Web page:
Call it Uber for snowplowing: A new smartphone app made available in Anchorage this week promises to arrange, estimate and take payment for snowplowing.

But unlike the controversial ride-sharing service, Plowz & Mowz is being welcomed by the industry at which its service is aimed.

Customers use an iPhone or Android app to request a plow and estimate the cost for the job, and they are charged only after the job has been completed by a local plow truck -- a picture is sent to each customer to confirm the job's completion. The app automatically charges the fees to a credit card.

Plowz & Mowz was created by a pair of New York state residents, Wills Mahoney and Andrew Englander.

"I got the idea because we had a pretty big snowstorm in Syracuse (in 2012), and my mom need a snowplow because she couldn't get out of her driveway," Mahoney said. "I tried calling snowplow companies, but no one would pick up their phone."

During snowstorms, plow companies are concentrating on plowing. Mahoney said their phone lines are often so busy during a big dump of snow that it is impossible to get ahold of them. Plowz & Mowz solves that problem, Mahoney said, and even makes it easier for snowplow companies to efficiently clear the way because they can simply take orders for work within the same neighborhoods where they are already working, saving time and money and keeping the plows busy.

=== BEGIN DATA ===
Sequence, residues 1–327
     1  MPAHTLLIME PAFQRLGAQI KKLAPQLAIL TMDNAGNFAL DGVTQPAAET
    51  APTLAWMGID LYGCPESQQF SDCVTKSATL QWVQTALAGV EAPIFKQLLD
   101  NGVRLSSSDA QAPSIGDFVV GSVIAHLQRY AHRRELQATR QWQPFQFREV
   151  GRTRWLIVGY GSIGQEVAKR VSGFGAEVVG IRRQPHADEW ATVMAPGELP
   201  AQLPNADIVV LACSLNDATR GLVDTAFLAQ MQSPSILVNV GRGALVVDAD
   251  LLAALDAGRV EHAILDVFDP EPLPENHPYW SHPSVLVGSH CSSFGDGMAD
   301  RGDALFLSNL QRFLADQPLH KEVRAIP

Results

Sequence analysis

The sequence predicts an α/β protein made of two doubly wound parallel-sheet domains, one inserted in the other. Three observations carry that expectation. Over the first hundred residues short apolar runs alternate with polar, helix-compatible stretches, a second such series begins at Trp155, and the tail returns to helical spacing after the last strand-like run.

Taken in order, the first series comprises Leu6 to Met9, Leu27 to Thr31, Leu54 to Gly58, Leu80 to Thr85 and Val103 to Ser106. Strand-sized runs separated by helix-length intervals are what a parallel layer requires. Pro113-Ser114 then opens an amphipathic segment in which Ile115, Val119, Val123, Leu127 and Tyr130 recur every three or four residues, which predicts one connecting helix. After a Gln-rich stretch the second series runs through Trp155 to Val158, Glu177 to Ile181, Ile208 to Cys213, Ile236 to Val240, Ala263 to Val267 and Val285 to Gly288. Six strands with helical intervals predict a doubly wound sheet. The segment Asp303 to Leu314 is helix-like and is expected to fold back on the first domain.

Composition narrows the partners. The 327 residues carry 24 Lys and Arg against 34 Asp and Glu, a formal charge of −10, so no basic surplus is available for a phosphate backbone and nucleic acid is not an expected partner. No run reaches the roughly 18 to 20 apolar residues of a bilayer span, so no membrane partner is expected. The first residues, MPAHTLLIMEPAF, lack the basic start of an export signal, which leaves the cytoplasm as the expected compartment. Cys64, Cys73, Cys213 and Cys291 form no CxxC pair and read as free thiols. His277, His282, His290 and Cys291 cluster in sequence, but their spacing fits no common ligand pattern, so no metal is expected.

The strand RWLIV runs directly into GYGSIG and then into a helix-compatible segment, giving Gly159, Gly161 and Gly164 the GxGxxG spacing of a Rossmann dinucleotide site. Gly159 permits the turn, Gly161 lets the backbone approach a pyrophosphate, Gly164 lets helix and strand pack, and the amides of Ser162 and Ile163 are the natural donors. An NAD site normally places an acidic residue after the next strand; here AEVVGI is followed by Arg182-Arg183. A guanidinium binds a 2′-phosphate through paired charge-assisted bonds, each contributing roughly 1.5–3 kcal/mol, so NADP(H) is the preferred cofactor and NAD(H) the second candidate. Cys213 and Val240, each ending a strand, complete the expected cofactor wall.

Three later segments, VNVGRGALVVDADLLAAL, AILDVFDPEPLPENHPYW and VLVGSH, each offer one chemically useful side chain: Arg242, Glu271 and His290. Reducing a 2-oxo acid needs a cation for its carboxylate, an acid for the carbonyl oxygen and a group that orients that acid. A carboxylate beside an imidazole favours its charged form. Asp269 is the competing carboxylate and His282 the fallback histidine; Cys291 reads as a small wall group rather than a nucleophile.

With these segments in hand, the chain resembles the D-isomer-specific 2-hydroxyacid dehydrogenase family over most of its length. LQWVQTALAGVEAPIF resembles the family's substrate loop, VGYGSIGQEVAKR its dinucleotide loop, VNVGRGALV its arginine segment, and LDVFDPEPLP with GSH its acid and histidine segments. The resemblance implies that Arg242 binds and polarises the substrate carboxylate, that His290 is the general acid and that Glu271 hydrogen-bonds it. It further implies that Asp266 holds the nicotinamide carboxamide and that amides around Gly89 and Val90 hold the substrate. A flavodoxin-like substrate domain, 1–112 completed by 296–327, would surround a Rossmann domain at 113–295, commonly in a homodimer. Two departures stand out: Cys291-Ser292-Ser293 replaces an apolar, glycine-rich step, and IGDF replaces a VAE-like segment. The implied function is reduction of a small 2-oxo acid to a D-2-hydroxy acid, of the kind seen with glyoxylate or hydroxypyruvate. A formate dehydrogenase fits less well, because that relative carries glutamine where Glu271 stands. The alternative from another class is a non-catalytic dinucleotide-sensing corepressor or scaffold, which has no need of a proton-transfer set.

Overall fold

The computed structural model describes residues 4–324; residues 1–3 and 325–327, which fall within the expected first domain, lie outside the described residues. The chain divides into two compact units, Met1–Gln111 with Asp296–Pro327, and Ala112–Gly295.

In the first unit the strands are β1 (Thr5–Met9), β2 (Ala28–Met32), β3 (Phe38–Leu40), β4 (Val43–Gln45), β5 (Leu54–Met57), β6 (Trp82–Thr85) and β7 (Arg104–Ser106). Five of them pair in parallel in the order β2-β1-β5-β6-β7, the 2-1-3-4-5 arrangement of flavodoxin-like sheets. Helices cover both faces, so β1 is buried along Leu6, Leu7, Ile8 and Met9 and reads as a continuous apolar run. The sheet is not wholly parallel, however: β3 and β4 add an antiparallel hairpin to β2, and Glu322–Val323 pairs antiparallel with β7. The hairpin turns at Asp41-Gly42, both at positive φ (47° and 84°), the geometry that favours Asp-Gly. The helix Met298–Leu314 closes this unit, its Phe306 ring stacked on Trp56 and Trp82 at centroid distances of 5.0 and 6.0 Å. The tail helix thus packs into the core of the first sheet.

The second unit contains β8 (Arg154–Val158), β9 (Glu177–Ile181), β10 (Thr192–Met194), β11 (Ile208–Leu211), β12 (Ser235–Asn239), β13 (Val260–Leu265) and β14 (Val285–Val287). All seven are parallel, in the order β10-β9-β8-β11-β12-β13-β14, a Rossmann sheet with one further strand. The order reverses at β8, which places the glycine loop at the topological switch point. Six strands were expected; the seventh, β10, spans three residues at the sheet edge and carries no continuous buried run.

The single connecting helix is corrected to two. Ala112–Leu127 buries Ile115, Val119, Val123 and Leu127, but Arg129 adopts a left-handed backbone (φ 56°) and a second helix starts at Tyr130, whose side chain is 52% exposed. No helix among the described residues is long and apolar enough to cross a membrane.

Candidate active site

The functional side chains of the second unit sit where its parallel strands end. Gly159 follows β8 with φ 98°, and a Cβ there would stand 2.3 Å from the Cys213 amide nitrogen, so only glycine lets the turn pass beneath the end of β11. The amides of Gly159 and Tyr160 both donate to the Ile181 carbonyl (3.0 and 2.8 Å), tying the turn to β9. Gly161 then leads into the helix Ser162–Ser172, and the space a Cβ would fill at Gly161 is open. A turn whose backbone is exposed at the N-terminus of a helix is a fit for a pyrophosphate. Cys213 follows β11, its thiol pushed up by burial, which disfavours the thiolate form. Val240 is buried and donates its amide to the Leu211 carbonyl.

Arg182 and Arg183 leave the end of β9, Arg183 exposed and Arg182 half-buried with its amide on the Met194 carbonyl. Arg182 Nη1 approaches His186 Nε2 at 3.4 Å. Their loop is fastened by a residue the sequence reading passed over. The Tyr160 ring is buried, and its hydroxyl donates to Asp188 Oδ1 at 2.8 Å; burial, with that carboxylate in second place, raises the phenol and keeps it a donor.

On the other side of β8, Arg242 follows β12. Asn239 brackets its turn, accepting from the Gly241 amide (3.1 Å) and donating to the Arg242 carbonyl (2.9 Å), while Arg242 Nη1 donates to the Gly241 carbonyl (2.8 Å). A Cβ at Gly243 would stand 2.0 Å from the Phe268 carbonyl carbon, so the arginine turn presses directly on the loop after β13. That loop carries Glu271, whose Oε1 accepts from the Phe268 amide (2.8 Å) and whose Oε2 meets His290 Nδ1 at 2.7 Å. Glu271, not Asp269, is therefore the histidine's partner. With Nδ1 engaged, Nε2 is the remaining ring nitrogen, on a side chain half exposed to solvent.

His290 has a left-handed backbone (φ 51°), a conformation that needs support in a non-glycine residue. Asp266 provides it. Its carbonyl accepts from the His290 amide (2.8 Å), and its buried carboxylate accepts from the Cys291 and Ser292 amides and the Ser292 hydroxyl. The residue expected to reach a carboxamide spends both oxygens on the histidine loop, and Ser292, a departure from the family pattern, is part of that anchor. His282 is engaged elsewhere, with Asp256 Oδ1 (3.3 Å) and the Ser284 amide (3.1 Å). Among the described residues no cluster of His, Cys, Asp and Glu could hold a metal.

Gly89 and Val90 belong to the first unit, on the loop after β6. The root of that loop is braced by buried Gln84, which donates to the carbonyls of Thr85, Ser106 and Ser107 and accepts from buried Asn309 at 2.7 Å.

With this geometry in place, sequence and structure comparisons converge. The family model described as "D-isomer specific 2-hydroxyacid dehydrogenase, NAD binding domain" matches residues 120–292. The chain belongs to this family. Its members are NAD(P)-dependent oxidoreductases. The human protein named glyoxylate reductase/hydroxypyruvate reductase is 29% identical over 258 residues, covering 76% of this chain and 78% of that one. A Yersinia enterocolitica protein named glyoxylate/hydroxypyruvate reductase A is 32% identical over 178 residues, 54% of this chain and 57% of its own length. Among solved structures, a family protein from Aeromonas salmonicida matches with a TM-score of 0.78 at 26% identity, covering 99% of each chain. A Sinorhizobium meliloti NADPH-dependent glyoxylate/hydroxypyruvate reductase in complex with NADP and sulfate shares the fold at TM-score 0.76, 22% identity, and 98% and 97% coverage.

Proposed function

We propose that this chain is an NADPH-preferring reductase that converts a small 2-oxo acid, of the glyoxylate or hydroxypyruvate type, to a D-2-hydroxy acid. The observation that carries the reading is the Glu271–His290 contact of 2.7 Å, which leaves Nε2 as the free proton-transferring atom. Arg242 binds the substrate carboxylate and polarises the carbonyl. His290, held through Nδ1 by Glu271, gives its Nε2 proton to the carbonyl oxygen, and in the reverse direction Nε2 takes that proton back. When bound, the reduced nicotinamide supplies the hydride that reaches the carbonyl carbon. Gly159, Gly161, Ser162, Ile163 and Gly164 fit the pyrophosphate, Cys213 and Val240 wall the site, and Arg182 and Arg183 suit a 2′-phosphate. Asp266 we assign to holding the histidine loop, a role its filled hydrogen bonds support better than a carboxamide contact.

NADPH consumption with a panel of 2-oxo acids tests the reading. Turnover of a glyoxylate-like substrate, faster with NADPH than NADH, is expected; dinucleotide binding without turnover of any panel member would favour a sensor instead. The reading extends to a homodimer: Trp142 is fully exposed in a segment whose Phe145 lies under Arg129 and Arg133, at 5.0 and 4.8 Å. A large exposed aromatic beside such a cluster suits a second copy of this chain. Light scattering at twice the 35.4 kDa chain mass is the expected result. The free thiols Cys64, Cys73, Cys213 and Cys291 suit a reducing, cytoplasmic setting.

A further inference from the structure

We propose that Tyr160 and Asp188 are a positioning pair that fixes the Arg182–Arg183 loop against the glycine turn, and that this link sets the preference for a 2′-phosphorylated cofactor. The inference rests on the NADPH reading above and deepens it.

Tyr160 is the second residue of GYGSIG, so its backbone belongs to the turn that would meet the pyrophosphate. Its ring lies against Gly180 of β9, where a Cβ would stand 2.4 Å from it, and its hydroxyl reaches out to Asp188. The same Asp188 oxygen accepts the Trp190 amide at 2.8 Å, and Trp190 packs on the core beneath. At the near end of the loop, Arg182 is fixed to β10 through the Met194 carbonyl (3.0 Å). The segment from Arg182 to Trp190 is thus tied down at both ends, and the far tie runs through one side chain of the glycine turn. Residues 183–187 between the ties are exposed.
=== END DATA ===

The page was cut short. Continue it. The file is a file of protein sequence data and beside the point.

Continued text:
The Plowz & Mowz app went live in Anchorage, its 30th city, on Tuesday, and it now has more than 30 available Anchorage-area snowplow providers, according to Mahoney. The app automatically selects the nearest plow truck and, unlike Uber, currently locked in a stalemate with municipal officials and the local taxi industry, Plowz & Mowz is being embraced by some Anchorage-area plow and landscaping companies because of its simplicity and its potential for bringing in customers. It also handles all the payments and charges.

"With them taking care of the customers, it gives us more time to focus on actually plowing and not having to track down payments," said Andrew Jones, whose company, 907 Plow Kingz, is participating in the Plowz & Mowz launch in Anchorage.

Mahoney claims, and Jones confirmed, that Plowz & Mowz providers are required to have a minimum of $500,000 in liability insurance, although most have as much as $1 million in coverage. Mahoney said his company prefers to work with established providers.

"That's really important because you don't want to have someone that is not very experienced with a big heavy plow on their truck," Mahoney said. "We go on the Better Business Bureau and other rating websites to check drivers."

Mahoney said that, as with Uber, plowers are rated after each job. If a Plowz & Mowz driver gets consistently poor ratings, he or she will be kicked off the service.

Also, Mahoney said, his company keeps a call center open 24 hours per day throughout the year to help customers with questions or problems. The app also schedules lawn maintenance during the summer. And Anchorage, according to the app's creators, is a fertile market, both summer and winter.

"We started doing some advertising on social media in Anchorage, and we got a ton of signups," Mahoney said.

Contact Sean Doogan at sean@alaskadispatch.com.